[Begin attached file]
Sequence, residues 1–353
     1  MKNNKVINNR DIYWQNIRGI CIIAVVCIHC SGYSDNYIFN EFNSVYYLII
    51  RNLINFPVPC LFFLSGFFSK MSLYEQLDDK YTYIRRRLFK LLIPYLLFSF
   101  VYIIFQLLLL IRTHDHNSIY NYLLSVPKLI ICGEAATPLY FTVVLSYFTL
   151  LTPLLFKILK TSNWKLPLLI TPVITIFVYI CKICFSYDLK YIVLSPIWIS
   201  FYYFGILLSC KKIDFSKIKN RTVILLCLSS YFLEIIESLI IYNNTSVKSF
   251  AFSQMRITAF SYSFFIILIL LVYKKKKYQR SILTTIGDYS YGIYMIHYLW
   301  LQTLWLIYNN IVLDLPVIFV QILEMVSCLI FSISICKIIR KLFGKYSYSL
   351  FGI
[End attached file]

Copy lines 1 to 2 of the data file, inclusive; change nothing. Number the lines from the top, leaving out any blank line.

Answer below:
Sequence, residues 1–353
     1  MKNNKVINNR DIYWQNIRGI CIIAVVCIHC SGYSDNYIFN EFNSVYYLII